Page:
Thomas Lifson, American Thinker, September 11, 2017
Denmark is renowned for high taxes, a welfare state, and a happy populace, qualities that have drawn admiration from many journalists and other liberals. But its status as the showcase for enlightened big government (what American liberals always love to pretend they will bring if only the electorate would permit) may be in jeopardy. Niclas Rolander reports for Bloomberg:
Denmark won’t allow any refugees into the country this year under a United Nations program and will seek flexibility in determining how many may resettle in the future instead of a set quota, the Ministry of Immigration and Integration said.
Since 1989, Denmark has pledged to take 500 refugees a year selected by the UN for resettlement. The program is separate from European Union efforts to distribute migrants among member states, which has encountered fierce opposition from countries including Hungary.
Denmark is not calling a permanent halt to refugees, but it is establishing the critical principle that acceptance of refugees depends on the ability of the host country to assimilate them.
“It’s hard to predict how many refugees and migrants will show up at the border to seek asylum, and we know it may be hard to integrate those who arrive here,” Danish Minister of Immigration and Integration Inger Stojberg said in a statement on the UN program on Saturday
There is an unspoken corollary to this position: refugees that come from cultures that make assimilation difficult cannot be accepted in large numbers. And in the background of that corollary is the “fact on the ground” of neighborhoods populated by unassimilated Muslims, so hostile to the host nation that police and fire fighters consider their neighborhoods “no-go zones.”
And with Muslim immigrant communities, time does not heal:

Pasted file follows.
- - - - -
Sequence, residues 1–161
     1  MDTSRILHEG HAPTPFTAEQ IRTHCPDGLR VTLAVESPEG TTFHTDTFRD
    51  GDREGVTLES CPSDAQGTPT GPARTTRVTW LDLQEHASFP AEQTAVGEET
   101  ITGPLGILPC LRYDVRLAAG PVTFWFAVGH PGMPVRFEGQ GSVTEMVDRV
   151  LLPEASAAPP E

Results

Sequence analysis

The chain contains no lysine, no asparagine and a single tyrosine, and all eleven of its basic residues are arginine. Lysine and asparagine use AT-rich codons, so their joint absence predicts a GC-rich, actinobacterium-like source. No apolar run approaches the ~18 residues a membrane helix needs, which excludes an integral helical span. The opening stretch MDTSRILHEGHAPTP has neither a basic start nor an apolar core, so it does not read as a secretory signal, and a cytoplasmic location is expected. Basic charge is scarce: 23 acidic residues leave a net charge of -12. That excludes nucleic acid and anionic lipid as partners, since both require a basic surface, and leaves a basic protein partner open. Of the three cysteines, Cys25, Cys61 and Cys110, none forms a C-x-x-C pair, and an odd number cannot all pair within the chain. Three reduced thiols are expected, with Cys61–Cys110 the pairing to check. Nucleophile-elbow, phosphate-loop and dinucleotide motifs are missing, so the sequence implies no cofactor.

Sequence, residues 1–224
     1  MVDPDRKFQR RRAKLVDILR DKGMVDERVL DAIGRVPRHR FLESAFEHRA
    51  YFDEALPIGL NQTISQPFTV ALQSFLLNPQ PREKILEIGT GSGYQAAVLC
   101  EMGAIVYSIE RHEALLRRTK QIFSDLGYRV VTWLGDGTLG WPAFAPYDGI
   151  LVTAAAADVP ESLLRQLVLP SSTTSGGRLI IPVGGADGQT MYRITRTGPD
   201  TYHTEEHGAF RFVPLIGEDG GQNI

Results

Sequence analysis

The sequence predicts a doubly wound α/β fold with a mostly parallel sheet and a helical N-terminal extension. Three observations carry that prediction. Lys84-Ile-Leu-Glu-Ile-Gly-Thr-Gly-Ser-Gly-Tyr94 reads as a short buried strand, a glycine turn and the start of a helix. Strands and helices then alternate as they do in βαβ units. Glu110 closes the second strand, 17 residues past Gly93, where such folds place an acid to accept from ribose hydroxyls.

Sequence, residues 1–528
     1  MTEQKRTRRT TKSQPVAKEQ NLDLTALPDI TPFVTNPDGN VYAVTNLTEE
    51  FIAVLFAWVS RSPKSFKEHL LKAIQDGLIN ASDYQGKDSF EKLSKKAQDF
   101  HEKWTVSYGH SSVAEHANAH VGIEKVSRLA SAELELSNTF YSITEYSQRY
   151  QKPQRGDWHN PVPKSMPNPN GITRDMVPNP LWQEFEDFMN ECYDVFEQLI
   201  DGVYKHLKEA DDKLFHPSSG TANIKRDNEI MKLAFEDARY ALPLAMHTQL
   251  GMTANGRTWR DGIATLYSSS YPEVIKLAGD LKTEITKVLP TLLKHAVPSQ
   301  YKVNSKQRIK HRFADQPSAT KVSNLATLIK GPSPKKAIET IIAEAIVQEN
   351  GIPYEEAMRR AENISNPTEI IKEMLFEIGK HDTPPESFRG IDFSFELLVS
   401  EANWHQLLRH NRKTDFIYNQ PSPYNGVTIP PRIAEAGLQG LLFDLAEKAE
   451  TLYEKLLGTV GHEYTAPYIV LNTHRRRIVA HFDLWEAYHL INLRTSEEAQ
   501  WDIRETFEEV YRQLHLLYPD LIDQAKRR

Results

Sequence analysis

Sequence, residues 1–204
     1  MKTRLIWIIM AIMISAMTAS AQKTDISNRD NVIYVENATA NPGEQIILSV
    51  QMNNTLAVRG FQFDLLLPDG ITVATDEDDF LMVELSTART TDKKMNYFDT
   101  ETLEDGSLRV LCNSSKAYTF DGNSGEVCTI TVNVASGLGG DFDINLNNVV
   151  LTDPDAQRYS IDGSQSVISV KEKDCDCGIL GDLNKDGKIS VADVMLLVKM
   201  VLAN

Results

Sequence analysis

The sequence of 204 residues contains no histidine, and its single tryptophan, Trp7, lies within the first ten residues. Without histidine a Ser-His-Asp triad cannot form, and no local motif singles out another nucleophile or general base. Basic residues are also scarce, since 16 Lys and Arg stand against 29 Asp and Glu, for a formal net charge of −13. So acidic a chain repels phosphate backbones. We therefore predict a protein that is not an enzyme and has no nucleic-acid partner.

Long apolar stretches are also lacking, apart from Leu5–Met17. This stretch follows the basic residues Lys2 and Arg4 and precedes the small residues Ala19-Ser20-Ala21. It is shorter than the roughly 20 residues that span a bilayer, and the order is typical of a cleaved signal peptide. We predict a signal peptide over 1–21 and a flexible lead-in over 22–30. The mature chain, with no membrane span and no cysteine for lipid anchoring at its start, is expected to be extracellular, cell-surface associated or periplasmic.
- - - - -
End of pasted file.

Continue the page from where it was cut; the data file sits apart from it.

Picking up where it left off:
A new study has found Muslims born in Denmark feel more fury at Western foreign intervention, and are more inclined to help Muslims by violent means, than foreign-born people who migrated from conflict zones.
An international team of researchers, led by Milan Obaidi of Sweden’s Uppsala University, conducted two surveys in order to identify signs of victimisation-by-proxy — whereby, in its most extreme form, Muslims born in Europe who have never lived outside the continent become so angry at the treatment of Muslims abroad that they consider carrying out acts of violence. . . .
Compared with Muslim immigrants, Denmark-born Muslims scored higher on most predictors of violence, and more strongly identified with Muslims across the world.
Muslims born in Denmark also “perceived Western foreign policy as more unjust, felt more group-based anger and showed stronger intentions to support Muslims by nonviolent means,” according to the paper, which reported that anger predicts support for violence.
Residents of the capital, Copenhagen, need only cross the Øresund Bridge to Malmo, Sweden, to find Muslim no-go zones, or as Swedish police prefer to say, “vulnerable areas.”
The current iteration of Islam, a product of decades of agitation by the Muslim Brotherhood and funding of radical clergy by Saudi Arabia and other Gulf petrostates, is triumphalist, not assimilationist. The attitude is that the West needs to be brought into the Ummah and turned into Muslims, by any means necessary. Currently the most practical means is not conquest, but rather immigration. It even has a name: hijra.
So, while Denmark’s step is small, it is in the right direction. And it comes from a country renowned for its niceness.
Perhaps Europe will not fall to Islam, and convert St. Peter’s into a mosque, as was done to Hagia Sophia in Constantinople – now renamed Istanbul. The future Islamic name for St. Peter’s, Tome, or Copenhagen for that matter, remains unclear, at least outside the inner circles of the Muslim Brotherhood, where they think in terms of centuries.